“All right”, said Tracy. “Be a good boy, and we will take you out of here as soon as possible.”
Tracy said a silent prayer. “You just have to believe in God and also yourself”, reminded Tracy herself.
Right now, she believed strongly her son would recuperate. She didn’t tell Nicholas yet that Blake had passed on.
She stayed with him for a few more hours until she was told to leave. Luckily Jeff, soon after, reached Holy Family hospital and gave his name and introduction. The hospital authorities, after contacting Tracy at home, allowed Jeff to see his son.
Jeff was careful not to weep in front of his son. He hadn't been there during all his childhood. Jeff just came to know through Tracy that he had a son about a year ago. He had talked to him and played with him for a while at Tracy's home. As mentioned before, he promised Tracy that he would never claim him to be his son. But the father-son relationship was a blood relationship, and naturally, Jeff ached for his son.
Jeff was asked to leave the unit by the hospital staff. Nicholas needed to relax and rest.
Jeff sat on the hospital seat outside the unit where his son was. He dozed off a little when Tracy showed up.
She said sharply, “You are still here?”
Jeff said, “He is my son as well. Obviously, I am concerned.”
Tracy replied, “Yes, I understand. Did you have breakfast?”
Jeff said, “No, I wouldn’t leave so soon. Do you know if anybody deliberately did this to our son?”
Tracy said, “Not that I can think of.”
Jeff asked, “Who did you last talk with before this incident happened?”
Tracy rewinded her mind, and finally, she could recall and said, "Oh well! I talked with the detectives, including Agent Buck. They wanted me to trace a compelling murderer, which I declined.
“Do you think Agent Buck could be behind this accident?” asked Jeff.
"I am not sure. I didn't think Agent Buck could be that dangerous."
“How about Nicholas?” Tracy added. “Do you think he would recover fully?”
Jeff replied, “His brain isn’t damaged. His skull is just a little bruised. We will all make it, Tracy.”
Tears streamed down her cheeks.
“Sure”, said Tracy, fumbling for more words until she collapsed into Jeff’s strong arms.
Jeff said comfortingly, “Everything is going to be all right. There no need to cry.”
Tracy was back to herself and rubbed her tears away with a piece of tissue.
She said calmly, “Thank you, Jeff, for being here. I appreciate your support in a tough time like this.”
She added with an air of confidence, “We must seek justice for what has happened to our only son and my neighbor, Blake. Blake was such a good soul with an always helping hand.”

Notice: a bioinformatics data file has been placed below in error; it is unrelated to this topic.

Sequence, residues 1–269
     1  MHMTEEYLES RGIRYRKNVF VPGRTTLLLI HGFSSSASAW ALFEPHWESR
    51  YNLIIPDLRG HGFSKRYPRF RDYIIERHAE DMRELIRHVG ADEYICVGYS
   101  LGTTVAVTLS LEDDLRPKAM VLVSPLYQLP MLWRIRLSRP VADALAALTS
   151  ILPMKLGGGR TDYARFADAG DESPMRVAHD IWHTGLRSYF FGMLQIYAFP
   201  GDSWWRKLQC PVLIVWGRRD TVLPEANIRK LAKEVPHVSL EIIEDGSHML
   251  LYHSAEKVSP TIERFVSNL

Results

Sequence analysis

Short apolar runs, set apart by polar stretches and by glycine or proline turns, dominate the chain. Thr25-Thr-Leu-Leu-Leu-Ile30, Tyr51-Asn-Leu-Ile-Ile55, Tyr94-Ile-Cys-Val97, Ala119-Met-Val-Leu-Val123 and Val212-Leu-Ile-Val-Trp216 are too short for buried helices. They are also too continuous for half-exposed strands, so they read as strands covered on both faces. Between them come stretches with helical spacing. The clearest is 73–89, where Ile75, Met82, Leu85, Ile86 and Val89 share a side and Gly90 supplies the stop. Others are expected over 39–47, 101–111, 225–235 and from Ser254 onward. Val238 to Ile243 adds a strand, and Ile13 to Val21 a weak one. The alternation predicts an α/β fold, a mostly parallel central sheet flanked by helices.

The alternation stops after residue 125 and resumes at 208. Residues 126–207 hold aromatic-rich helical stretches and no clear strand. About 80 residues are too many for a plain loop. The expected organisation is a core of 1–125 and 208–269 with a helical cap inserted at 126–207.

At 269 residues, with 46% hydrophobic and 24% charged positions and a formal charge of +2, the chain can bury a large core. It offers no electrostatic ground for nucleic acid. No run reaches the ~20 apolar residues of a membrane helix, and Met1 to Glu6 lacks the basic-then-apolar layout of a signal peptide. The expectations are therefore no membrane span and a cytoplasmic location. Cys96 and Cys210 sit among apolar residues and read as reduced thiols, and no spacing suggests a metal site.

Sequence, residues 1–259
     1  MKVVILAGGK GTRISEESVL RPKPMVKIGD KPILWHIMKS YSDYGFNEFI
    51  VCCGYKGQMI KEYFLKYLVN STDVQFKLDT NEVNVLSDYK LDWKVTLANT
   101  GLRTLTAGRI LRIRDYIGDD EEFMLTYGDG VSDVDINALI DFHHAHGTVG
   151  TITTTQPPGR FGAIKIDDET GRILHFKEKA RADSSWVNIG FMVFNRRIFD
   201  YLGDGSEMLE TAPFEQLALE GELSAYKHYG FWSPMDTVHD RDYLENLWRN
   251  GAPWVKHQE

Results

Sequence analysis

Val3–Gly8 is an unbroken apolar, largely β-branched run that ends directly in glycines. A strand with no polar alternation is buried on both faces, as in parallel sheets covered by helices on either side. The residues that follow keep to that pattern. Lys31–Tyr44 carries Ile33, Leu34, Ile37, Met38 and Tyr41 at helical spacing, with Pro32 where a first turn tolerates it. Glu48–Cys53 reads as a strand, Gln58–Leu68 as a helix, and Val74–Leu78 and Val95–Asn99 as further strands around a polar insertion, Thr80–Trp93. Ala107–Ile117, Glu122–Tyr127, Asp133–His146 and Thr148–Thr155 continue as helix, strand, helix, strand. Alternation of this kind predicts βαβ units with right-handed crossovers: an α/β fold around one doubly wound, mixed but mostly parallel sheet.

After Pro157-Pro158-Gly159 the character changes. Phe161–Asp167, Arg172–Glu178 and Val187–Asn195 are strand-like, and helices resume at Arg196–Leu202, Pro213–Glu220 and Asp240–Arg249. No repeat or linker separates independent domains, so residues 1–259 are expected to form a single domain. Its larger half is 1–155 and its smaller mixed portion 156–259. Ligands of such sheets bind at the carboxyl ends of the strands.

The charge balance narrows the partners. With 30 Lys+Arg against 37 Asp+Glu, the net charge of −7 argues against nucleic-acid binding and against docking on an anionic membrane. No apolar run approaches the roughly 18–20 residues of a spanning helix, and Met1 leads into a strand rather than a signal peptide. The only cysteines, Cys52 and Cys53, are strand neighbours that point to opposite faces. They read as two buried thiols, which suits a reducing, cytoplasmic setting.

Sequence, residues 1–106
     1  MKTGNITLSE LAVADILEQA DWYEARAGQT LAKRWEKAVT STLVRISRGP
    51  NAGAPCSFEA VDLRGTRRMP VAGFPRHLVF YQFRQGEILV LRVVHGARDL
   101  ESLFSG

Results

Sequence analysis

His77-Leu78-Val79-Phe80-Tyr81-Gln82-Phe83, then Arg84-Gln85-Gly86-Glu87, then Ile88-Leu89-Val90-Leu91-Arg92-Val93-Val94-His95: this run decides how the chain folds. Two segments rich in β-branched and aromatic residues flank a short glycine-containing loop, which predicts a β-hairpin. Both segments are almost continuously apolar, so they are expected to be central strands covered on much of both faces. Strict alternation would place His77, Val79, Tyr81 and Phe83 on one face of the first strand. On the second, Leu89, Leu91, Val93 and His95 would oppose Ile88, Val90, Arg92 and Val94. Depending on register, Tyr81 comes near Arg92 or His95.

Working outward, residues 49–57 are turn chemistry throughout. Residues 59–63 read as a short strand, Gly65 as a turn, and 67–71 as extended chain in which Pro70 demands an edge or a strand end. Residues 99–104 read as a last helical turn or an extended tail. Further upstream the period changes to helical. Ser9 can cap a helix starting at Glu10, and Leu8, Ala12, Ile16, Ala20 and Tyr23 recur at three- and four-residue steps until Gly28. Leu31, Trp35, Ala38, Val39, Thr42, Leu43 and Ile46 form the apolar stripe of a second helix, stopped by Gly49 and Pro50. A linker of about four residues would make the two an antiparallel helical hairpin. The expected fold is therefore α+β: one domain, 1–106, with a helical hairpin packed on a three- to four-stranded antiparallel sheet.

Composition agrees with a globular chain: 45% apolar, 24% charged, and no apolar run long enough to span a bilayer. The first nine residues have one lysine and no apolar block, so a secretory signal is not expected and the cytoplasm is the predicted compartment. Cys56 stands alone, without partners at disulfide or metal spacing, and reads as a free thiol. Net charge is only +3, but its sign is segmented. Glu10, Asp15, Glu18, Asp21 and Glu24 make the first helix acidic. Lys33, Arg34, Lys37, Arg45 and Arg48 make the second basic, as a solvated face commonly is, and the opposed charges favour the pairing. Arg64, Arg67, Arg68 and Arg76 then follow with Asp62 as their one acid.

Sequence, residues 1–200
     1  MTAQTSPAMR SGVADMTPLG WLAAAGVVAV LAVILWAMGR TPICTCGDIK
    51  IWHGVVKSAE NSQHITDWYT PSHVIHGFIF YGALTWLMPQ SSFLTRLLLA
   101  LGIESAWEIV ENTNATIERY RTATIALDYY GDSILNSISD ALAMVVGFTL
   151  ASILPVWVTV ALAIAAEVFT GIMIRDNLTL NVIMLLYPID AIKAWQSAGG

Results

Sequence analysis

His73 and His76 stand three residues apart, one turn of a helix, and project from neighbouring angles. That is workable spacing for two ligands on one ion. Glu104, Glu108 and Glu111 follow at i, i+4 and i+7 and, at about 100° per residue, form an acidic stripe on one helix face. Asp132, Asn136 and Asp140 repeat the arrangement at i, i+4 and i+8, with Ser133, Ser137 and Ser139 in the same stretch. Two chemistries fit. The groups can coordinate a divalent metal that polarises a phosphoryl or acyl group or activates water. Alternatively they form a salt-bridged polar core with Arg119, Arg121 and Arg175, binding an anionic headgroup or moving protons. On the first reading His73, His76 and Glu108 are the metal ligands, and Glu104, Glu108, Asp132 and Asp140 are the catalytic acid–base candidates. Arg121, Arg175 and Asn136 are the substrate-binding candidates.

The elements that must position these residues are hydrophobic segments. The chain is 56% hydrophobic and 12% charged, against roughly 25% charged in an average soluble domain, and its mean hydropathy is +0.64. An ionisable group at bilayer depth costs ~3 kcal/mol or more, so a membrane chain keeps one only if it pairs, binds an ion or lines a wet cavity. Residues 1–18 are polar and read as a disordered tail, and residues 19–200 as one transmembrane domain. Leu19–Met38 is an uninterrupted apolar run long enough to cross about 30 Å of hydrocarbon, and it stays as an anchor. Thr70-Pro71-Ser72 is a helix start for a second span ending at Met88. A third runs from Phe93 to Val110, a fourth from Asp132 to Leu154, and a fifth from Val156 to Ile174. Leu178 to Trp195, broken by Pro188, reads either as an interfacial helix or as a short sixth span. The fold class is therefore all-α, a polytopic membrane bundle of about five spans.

Finally, Jeff said, “I have to go on a quick errand. I will be back as soon as I can.”
Tracy had breakfast at a neighboring shop and waited for Nicholas to wake up so that she could talk to him again.
After three hours, Jeff came back, and the family was neatly united.
“Uncle Jeff”, said Nicholas, “will you teach me chess? I was about to learn it from you when you suddenly left the last time.”
Jeff was touched. “Sure, Nicholas, if your Mom permits.”
Tracy replied, “Uncle Jeff has the permission.”
Nicholas started to improve, and the hospital staff moved him to a cabin. Two days later, they removed the bandage and scanned his head thoroughly to make sure he had healed fully.
Nicholas was released from the hospital. The trio was a family again among the mountains.
Tracy slowly revealed to Nicholas, "You know, Nick, Uncle Jeff is your father. We argued six years ago and have stayed separated since then. But now we are back as a family. Do you like the idea?”
“Sure, Mom”, said Nicholas. “Dad, I am glad you are not only Uncle Jeff but also my real Dad. I have always thought we were close somehow.”
Jeff and his son embraced each other in a long, warm hug.
“I wouldn’t like you to be hurt again”, said Jeff. “You are as precious to me as you are to Mom.”
“Thanks, Dad”, said Nicholas, “I am happy I have both Mom and Dad.”
Meanwhile, Jeff had already been to the Detective Headquarters and the Chief Justice Section of Supreme Court while he was on the errand from the hospital. He filed a case with both of them that Agent Buck was responsible for neighbor Blake's death and Nicholas' head injury in what seemed like a car accident on the highway.
The case was tried out, and Agent Buck went through a trial. He was found guilty and was sentenced to life-long imprisonment.
The book cover of the novel from which I extracted the opening statement of my short story as a prompt is shown below.
A Lovely Quote
Storytelling is the most powerful way to put ideas into the world.
— Robert McKee
© 2021 Rosina S Khan